Playwright William Mastrosimone adapted his 1982 off-Broadway work for the screen, but it seems to be director Robert M. Young who is responsible for virtually exploiting cinema's power to propel the viewer into the on-screen action.
Playwright William Mastrosimone adapted his 1982 off-Broadway work for the screen, but it seems to be director Robert M. Young who is responsible for virtually exploiting cinema’s power to propel the viewer into the on-screen action.Marjorie (Farrah Fawcett) is a museum employee on her way home from work and a workout. A ski-masked assailant imprisons and terrorizes her in her own car. Marjorie manages to escape but the attacker knows her identity and address. Successive events document the trials of any woman in a similar predicament: essentially unsympathetic police and friends. Finally, Marjorie’s worst nightmare comes true. She is visited at her secluded home by the man who attacked her (James Russo). Fawcett, who acquainted herself with the role of Marjorie on stage, following Susan Sarandon and Karen Allen, acts with a confidence and control not often seen in her screen work.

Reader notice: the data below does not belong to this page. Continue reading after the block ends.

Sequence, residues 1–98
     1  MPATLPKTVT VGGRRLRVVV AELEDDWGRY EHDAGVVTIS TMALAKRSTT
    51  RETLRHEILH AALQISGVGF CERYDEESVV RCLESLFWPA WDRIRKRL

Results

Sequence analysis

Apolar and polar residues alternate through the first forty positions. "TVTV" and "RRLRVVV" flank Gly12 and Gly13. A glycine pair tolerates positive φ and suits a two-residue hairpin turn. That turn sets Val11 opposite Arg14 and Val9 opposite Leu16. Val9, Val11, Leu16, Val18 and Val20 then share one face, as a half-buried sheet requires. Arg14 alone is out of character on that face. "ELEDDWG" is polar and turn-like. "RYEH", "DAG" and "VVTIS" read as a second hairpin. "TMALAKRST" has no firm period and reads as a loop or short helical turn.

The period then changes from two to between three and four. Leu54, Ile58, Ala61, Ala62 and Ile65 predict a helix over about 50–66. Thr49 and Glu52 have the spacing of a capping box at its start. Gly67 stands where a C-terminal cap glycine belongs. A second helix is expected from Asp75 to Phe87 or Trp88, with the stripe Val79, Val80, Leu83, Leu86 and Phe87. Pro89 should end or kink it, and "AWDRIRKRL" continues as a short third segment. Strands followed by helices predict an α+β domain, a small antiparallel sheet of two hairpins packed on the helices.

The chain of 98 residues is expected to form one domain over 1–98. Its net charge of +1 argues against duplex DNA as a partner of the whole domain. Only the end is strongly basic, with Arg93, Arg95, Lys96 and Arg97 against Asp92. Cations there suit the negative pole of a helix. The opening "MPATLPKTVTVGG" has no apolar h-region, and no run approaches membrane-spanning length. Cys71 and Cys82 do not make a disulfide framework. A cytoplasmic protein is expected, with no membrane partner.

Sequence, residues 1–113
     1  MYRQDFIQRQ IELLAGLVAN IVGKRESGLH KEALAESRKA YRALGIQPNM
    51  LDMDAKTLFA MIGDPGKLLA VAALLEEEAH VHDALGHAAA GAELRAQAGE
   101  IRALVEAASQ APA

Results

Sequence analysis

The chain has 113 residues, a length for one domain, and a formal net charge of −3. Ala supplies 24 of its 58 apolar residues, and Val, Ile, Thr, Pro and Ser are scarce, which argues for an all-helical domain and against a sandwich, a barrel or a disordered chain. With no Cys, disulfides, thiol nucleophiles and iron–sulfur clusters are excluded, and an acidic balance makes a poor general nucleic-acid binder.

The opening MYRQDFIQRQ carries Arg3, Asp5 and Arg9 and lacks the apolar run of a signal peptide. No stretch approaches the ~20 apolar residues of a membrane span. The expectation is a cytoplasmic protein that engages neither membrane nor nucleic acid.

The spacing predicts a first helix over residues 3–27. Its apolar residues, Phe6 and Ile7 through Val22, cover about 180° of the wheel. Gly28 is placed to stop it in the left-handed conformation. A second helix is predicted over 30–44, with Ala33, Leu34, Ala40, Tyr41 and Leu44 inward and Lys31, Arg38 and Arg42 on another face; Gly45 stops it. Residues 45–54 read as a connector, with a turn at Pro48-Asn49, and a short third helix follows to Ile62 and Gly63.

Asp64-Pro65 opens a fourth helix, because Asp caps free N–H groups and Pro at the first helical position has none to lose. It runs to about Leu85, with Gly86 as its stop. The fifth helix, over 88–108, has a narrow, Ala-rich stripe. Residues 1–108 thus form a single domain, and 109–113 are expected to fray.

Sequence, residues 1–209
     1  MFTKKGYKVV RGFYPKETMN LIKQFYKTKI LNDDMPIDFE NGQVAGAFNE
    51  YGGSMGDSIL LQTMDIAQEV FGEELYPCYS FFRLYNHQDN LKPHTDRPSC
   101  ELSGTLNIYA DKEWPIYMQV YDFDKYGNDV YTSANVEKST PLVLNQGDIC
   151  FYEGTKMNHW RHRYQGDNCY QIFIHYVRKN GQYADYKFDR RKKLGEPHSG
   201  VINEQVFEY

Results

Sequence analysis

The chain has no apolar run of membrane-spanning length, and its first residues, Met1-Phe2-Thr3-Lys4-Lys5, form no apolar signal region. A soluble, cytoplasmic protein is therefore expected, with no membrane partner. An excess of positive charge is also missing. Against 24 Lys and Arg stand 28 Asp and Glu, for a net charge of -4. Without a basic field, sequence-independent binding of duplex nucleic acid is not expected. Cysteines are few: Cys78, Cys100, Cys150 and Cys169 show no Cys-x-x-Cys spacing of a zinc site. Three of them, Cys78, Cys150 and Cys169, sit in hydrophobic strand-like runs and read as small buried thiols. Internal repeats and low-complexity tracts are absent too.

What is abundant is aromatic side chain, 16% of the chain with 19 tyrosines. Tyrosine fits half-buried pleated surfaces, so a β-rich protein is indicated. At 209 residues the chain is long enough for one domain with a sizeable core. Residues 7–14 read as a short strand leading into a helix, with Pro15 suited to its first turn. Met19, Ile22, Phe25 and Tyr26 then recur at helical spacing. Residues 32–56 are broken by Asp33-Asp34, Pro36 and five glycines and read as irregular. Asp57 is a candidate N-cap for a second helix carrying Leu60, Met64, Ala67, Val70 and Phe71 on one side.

Atlantic. Director Robert M. Young; Producer Burt Sugarman; Screenplay William Mastrosimone; Camera Curtis Clark; Editor Arthur Coburn; Music J.A.C. Redford; Art Director Chester Kaczenski
(Color) Available on VHS, DVD. Extract of a review from 1986. Running time: 90 MIN.
Farrah Fawcett James Russo Diana Scarwid Alfre Woodard